steve martin martin short 3

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As I walked into the Event Center at Borgata Hotel Casino & Spa last night for Steve Martin and Martin Short’s two man comedy show, I felt in the pit of my stomach what could only be described as true nervousness. Not the typical excited energy one gets before they have the privilege to watch any great performance, this one was more palpable. I was heading in to see two comedic legends, who by their own admission, are getting rather long in the tooth. Martin just turned 72 and Short isn’t far behind at 67.

With reputations setting the bar impossibly high, my mind wandered.

Could they possibly be as funny as the crowd and myself were expecting them to be, or would this be a sad case of a crowd being forced to watch a pair of fading geniuses struggle to remind people why they bothered to pay their hard-earned money for a ticket to a live trainwreck?

But all of that nervous tension melted away within the first 3 minutes of the show, as the two men took the stage with confidence and went jab for jab with each other in a rapid-fire double roast that proved that they were not only still competent, they were as sharp as anyone could have hoped for.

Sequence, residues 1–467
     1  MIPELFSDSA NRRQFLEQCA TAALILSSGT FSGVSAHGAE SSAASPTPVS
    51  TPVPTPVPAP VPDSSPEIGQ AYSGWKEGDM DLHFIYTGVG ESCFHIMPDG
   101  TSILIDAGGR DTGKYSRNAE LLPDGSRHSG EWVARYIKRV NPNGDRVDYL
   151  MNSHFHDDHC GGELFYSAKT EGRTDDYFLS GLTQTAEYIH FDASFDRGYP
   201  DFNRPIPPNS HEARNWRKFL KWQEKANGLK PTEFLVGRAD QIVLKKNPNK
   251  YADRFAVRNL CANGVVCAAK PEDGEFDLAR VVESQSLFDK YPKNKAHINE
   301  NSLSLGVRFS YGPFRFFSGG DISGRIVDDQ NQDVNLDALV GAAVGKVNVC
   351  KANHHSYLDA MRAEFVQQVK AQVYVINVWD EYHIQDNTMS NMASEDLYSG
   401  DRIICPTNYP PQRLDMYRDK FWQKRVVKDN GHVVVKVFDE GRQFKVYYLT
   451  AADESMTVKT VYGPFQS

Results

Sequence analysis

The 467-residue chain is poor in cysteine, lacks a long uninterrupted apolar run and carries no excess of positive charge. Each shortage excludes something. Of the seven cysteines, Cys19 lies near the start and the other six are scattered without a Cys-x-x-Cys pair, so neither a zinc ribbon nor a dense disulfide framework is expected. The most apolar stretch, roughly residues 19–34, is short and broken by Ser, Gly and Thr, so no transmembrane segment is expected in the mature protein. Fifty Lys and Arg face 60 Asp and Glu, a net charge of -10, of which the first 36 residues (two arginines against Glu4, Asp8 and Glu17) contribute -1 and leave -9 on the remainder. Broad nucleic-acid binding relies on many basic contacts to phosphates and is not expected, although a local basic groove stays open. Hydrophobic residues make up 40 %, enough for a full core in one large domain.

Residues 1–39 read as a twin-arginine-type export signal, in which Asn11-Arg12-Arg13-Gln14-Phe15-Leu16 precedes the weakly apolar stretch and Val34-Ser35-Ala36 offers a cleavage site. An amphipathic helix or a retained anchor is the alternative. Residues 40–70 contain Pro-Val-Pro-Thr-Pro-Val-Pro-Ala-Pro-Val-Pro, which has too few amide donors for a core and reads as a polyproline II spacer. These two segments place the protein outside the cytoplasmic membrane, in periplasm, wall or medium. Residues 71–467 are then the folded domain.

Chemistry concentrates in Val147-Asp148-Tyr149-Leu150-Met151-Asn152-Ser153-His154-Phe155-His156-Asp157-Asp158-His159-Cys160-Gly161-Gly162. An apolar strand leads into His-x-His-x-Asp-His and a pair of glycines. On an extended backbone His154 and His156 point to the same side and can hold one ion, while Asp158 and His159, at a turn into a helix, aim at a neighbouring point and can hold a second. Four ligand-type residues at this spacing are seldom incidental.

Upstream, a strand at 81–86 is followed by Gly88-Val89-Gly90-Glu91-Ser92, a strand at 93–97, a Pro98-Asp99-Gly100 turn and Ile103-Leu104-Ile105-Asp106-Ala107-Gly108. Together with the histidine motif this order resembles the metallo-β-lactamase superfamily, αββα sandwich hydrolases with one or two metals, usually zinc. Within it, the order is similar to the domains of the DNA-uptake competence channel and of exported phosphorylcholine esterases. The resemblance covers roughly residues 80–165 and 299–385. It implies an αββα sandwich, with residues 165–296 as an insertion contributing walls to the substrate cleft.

The pair’s onstage chemistry is all but perfect, with Short playing the part of the wacky weirdo to Martin’s dry, yet punishing straight man. You can sense the true friendship they have for each other as they fire merciless barbs at each other, with nothing being off limits — looks, age and sexual prowess are all fair game, and they go after each other like only a pair of close buddies can. The show itself is well-paced. It meanders along through a series of bits, employing the use of video screens, photos and costumes, as well as live musical numbers, both comedic and non.

Short and Martin each take a few minutes to perform solo, Short choosing to act out an incredibly funny story about a time in which he performed live nude theater in the 1970s, while Martin switches things up entirely, donning a banjo and performing a series of bluegrass songs with his backing band the Steep Canyon Rangers. Bluegrass is a tough sell, yet Martin and the Steep Canyon Rangers somehow make it not only tolerable, but enjoyable to listen to.

Over the course of the better part of two hours, both performers had the crowd in their clutches. By the end it became clear that this was not a case of two old men rehashing bits and getting pity laughs from a crowd of boot-licking sycophants, this was a demonstration of why you can never underestimate a legend. At one point they joked about how the crowd had likely come out to “see us before we’re dead.” With an act as strong as this, one can only hope that doesn’t happen for a long long time.

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